Sports is something else I enjoy, particularly football. So, it's with some interest that I have been following the development of the XFL, the spawn of a NFL-less NBC and the aforementioned WWF.
Following its launch on the weekend of Feb. 3, commentary throughout the national media was almost overwhelmingly negative. For months the new league promised good old-fashioned "smash-mouth" football upon its debut.
However, there were concerns that the more over-the-top aspects of the WWF would graft themselves onto the XFL. Those fears were, at first, unfounded. But as ratings and attendance has dipped, the XFL is succumbing to the temptation to mimic its more successful sibling.
Kicking off on a Saturday night from Las Vegas' Sam Boyd Stadium, the new league found itself in front of a sold-out facility and a TV audience twice the size of what NBC had projected.
From the start, the league boasted its differences. There is no coin toss. To determine which team will take the initial kick-off, one player from each of the opposing teams races downfield to try to grab possession of the football.
Cameras are everywhere, and microphones are placed on players and coaches. This is perhaps the most fascinating wrinkle.
Mike Golic of ESPN's morning radio program was quick to point out that ESPN-TV had done the same for their Arena League coverage. But it's still intriguing.
In the third quarter of the game between New York and Las Vegas, New York's head coach asked his assistant if a fake field goal could be an option should they fail to convert on third down. At halftime, cameras are in the locker room. As a fan, I've often wondered what a coach tells his team at this point, especially if they're trailing.
The network also experimented with different camera angles, often using the "sky-cam" to shoot from up and behind the quarterback. This would have worked better if the announcing team -- including Jim Ross on play-by-play and Gov. Jesse "The Body" Ventura as color analyst -- would have offered more insight. Here is where the weak links appear. TNN's team of Craig Minervini (play-by-play) and ex-NFL player Bob Golic (color) are a much better duo, and generally focus more on the game itself.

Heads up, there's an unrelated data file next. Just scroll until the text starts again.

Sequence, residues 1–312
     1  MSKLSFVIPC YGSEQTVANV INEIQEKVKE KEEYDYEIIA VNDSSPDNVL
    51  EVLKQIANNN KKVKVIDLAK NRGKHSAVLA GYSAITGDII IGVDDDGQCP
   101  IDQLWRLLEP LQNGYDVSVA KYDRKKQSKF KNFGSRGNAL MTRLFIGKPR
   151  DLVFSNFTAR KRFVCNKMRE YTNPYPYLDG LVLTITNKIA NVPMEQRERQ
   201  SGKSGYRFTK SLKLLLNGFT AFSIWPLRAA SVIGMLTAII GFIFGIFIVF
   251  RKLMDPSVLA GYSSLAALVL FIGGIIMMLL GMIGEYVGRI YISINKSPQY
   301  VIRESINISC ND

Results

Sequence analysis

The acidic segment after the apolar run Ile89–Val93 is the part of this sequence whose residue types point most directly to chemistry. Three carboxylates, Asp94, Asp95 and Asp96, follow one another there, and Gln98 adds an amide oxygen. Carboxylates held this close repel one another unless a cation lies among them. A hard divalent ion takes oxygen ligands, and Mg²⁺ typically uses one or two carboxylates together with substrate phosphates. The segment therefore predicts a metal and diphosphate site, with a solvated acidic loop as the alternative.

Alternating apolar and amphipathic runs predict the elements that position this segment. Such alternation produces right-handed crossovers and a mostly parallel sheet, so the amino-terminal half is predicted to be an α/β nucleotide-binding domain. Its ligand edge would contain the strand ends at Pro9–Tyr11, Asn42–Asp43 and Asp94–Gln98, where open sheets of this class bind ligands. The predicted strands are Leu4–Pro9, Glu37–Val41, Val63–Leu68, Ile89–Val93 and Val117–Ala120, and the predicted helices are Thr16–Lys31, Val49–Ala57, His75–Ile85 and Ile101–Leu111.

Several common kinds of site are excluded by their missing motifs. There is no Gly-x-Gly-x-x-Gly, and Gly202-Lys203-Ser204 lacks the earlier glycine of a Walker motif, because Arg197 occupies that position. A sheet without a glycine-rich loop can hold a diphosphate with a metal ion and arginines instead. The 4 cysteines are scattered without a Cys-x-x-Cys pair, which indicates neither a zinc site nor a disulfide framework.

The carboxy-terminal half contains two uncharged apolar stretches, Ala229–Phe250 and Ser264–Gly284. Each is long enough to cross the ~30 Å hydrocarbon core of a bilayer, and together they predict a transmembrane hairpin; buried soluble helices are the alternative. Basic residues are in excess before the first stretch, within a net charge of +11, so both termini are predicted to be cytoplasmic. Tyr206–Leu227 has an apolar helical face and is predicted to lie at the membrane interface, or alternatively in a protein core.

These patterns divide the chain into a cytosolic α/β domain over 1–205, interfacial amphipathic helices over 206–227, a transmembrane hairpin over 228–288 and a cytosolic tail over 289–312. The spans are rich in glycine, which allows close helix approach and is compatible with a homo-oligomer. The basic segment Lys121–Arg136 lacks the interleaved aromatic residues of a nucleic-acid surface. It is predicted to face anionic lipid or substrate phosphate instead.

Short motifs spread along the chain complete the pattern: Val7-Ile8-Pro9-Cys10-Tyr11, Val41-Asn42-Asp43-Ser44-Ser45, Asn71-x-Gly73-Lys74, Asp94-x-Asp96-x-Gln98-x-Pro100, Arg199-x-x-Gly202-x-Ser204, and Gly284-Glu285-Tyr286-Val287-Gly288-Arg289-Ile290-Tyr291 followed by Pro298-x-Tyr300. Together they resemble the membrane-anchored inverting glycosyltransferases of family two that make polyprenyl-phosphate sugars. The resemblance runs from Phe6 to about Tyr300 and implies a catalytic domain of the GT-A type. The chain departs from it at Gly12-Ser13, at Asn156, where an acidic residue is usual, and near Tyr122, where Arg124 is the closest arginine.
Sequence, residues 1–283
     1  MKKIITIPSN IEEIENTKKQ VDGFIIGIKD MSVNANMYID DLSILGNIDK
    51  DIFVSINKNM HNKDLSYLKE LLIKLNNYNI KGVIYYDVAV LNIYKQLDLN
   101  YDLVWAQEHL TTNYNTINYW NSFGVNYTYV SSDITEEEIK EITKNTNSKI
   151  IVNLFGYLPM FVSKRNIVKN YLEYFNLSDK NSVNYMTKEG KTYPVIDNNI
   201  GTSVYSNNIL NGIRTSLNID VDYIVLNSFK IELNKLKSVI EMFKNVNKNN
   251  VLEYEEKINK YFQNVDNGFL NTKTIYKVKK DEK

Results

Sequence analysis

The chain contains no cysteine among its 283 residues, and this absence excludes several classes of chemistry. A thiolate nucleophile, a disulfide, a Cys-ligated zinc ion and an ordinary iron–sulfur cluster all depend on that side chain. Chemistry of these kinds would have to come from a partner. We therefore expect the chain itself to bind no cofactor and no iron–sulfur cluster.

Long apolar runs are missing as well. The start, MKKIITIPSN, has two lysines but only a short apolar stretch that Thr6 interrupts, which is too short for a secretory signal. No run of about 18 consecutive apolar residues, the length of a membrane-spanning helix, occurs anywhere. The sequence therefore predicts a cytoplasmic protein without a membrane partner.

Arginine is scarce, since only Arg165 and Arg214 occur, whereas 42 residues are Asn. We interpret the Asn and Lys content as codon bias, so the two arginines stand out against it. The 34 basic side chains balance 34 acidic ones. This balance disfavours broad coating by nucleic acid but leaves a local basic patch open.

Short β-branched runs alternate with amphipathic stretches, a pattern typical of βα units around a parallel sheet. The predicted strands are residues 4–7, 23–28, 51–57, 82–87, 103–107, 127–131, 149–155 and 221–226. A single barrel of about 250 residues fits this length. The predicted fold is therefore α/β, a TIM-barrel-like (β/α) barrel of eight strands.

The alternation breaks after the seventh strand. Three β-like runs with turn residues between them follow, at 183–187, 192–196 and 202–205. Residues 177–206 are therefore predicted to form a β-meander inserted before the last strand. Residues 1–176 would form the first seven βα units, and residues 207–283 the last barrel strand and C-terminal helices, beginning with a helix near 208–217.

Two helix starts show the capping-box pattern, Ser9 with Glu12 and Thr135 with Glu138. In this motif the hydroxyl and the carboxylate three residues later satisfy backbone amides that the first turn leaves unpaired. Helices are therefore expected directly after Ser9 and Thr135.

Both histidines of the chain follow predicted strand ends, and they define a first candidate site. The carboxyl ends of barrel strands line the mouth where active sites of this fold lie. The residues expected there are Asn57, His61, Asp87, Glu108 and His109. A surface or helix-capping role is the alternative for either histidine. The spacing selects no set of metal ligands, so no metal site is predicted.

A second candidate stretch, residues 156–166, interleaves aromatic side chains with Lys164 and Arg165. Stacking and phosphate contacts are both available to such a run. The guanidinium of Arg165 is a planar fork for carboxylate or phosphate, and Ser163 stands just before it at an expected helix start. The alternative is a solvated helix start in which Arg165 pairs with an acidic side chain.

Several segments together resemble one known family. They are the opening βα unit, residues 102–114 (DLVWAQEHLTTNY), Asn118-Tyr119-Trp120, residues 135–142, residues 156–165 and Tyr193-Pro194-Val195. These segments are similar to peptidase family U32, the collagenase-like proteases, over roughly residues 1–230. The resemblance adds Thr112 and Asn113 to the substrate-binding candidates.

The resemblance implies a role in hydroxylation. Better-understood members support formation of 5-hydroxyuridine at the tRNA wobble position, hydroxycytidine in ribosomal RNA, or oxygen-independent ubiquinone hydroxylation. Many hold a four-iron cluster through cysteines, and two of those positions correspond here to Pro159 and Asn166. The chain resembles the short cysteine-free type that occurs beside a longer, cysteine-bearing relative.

We heard players and coaches calling plays and developing strategy, but NBC's broadcasters seemed more concerned with yelling about how cheerleaders were going into the stands. Speaking of which, I'm all for chesty cheerleaders, but I really don't need more than a five-second shot going to or coming back from a commercial.
The XFL is getting slapped around by the critics, as it were, largely because it failed to focus on its best ideas. The on-field play wasn't going to be any good in Week 1 -- we knew that going in. The first week of the USFL in 1983 was a festival of dropped passes and missed tackles. No big surprise.
Spring football is a good idea. If it weren't, why would we be saddled with NFL-Europe? I'm sorry, but on paper I have more interest in teams from Chicago and Las Vegas than from Barcelona or Rhein (wherever the hell that is exactly).
It seems, however, that the XFL simply wants to borrow too much from the WWF, and that the rough waters are pushing them further in that direction. I'm not sure this is what football fans want to see. In fact, I'm sure it's not.
Football fans want to see football. The question is, are there truly enough hardcore football fans out there to support a spring league? Perhaps you need the theatrics to bring in the marginal fans. I hope this isn't the case though, since the peripheral activities really detract from what's happening on the field.
What is wrong can be fixed very easily. The WWF faithful watching the XFL won't miss the extra, created drama, but the true football fans will appreciate its absence. Trim the fat, and they might be onto something.
contact P.f. wilson: firstname.lastname@example.org
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